If it’s not an anthology, Chris Carter or Rob Bowman directs
Chris Carter is no slouch as a director, having helmed some of the series’ more visually exciting episodes. But while it is his baby, it was Rob Bowman who was a key part of the show’s greatest moments, not to mention “The X-Files: Fight the Future,” AKA the feature film that actually works pretty well. If the man can take a break from “Castle,” where he’s been since its first season, he’d be a welcome force.
Mulder and Scully are in most of the scenes together
This is important to mention because one of “I Want to Believe’s” major problems was in how it largely separated its two stars for most of the action, and also clouded the mix with new cast members like Billy Connolly, Amanda Peet and Xzibit. No insult meant to any of those performers — they’re great — but the Mulder/Scully dynamic was, is and always will be the emotional heartbeat of “The X-Files.”
It’s actually clear what the Mulder/Scully dynamic is
[Minor spoilers for “I Want to Believe” follow.] This is super-nitpicky, but seriously — if you understand the arc of the Mulder/Scully relationship in “I Want to Believe,” please let us know. Are they living together at the beginning of the movie? At the end of the movie, what’s changed about their relationship, aside from them deciding to go on vacation? Are they married, legally and/or emotionally? Are they platonic partners who sometimes make out? Are they two lonely and isolated people with no one else to turn to and thus have fallen into a weird vaguely asexual symbiotic relationship? All of those interpretations have some level of validity. But maybe we could pick one.
(By the way, this writer has read at least one volume of “The X-Files” Season 10 comics, and unfortunately they don’t really clear this up. Alas.)
Let’s leave William with his adopted parents
[Spoilers for Seasons 8/9 follow.] While we’re being nitpicky, as nice as it might be to revisit the fact that in the last two seasons of “The X-Files,” Mulder and Scully (somewhat mysteriously?) conceived a son, who might have had magic alien powers, and then gave him up for adoption… Digging into that storyline might prove alienating to new viewers and unnecessary to long-time fans who have learned to let this plot thread go.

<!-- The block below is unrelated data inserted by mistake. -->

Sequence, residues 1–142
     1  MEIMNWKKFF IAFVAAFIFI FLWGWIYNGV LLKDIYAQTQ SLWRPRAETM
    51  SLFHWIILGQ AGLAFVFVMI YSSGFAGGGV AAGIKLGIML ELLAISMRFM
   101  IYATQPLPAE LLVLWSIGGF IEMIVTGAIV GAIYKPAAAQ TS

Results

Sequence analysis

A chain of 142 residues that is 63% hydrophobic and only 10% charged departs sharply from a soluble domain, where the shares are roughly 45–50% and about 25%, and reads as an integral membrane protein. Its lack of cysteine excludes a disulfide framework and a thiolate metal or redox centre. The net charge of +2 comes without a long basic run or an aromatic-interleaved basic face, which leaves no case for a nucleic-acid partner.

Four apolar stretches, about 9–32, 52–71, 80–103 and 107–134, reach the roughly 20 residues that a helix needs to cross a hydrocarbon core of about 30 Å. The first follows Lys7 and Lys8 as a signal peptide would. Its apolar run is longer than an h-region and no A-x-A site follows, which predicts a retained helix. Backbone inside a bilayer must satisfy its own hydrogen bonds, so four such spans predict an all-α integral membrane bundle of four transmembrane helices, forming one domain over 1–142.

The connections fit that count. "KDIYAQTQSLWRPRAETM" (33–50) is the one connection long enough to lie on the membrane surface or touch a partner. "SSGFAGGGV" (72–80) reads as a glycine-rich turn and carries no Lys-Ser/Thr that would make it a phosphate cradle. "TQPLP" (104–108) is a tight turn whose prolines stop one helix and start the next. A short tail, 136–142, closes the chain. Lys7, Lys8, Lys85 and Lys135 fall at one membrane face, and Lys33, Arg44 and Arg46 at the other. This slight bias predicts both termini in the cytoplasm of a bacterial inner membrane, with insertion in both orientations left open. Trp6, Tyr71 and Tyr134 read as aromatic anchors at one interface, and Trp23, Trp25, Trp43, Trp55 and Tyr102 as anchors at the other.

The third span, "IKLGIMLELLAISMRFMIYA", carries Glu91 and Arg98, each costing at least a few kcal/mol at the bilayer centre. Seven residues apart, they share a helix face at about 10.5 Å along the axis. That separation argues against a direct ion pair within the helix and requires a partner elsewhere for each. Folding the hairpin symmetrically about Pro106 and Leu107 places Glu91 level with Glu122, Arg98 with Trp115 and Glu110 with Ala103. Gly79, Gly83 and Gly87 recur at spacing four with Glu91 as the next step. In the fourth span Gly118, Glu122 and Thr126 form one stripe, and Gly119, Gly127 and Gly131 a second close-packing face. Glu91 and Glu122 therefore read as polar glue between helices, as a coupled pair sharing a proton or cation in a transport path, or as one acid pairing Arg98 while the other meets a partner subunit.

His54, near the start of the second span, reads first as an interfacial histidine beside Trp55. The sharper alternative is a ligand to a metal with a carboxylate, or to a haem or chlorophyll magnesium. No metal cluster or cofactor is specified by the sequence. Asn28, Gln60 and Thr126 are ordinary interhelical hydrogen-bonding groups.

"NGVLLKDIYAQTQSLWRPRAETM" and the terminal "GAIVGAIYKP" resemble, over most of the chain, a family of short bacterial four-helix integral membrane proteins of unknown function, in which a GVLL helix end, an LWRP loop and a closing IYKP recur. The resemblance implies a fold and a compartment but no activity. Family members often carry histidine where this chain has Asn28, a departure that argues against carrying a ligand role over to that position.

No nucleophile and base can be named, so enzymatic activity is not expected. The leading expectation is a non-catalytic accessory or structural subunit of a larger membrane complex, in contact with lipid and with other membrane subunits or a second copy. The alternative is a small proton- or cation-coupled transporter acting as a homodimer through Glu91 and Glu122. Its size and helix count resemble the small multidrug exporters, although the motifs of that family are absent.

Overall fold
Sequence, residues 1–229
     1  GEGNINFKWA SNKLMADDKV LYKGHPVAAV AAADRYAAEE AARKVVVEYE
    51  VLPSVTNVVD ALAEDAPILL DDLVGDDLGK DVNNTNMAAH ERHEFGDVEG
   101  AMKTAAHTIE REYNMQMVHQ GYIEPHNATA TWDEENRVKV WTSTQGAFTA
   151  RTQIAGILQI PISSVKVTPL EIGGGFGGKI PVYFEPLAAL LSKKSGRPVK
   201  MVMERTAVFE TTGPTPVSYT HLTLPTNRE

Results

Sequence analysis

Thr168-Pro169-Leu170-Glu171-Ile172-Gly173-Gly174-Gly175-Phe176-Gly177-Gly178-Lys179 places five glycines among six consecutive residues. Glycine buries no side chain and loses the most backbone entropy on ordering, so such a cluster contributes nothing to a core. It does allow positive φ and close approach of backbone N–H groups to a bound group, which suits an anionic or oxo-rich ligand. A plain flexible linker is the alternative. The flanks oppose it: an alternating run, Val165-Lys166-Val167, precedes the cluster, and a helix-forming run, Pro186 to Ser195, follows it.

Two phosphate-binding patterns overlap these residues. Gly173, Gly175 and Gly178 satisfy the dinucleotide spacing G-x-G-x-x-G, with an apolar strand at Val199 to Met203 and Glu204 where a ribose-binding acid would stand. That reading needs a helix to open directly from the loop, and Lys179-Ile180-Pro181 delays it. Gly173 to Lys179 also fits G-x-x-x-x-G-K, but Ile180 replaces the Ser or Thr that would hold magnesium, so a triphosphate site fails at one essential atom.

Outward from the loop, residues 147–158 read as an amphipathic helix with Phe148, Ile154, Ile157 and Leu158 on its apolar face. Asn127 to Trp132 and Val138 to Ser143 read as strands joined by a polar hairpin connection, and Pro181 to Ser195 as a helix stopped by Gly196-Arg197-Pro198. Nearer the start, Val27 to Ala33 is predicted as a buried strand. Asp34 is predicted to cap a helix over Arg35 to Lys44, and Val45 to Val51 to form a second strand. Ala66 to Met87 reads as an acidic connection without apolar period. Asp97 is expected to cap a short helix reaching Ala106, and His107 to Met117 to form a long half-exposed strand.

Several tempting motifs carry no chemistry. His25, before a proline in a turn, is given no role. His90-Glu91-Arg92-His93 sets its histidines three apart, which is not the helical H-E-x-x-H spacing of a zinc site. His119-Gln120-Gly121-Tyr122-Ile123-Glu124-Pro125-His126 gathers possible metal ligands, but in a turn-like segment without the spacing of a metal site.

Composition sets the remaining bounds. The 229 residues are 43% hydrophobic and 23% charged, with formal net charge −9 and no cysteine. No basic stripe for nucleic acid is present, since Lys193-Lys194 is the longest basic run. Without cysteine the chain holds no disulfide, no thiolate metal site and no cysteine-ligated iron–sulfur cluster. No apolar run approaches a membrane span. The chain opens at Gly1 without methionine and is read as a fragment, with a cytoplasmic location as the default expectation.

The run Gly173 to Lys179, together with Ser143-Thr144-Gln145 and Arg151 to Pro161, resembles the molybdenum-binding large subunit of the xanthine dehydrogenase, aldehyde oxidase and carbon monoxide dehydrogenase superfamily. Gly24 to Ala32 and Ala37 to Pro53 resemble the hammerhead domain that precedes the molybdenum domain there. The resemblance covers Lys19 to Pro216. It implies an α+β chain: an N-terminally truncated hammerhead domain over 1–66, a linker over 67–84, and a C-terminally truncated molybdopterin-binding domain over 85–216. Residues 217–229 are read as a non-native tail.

It doesn’t interfere with other projects (including “Twin Peaks”?)
Both Anderson and Duchovny are, at this moment, enjoying particularly sunny moments in their careers. Anderson deserves all the awards for her work in “The Fall,” and we can’t wait to see what happens when she returns as a series regular to “Hannibal.” Meanwhile, if the NBC summer series “Aquarius” is half as good as the trailer screened for critics at the TCAs, the Duchovny-starring crime-and-Charles-Manson drama will be yet another excellent reason to prefer TV over the outdoors. And yet, it’s unlikely that any interview they do for the next six months won’t include at least one question about where things stand on an “X-Files” reboot — which, no matter how hungry we might be for information, is kind of a shame.
Fingers crossed that the press barrage doesn’t distract from the legitimately interesting work they’re doing right now… Oh, and that it doesn’t affect Duchovny’s ability to revive another decades-old character for yet another revival in the works: “Twin Peaks.”
(Hey, Duchovny, not for nothing, but Jeffrey Tambor just won a Golden Globe for “Transparent.” It’s at least worth a thought, for both you and the “Twin Peaks” team.)
Here, ultimately, is what we’re looking for: Mulder and Scully and conspiracies and monsters and aliens. That’s more than enough for a season’s worth of television — we have the box sets to prove it. Now, we’re just hoping that whatever happens next is worth adding to our collection.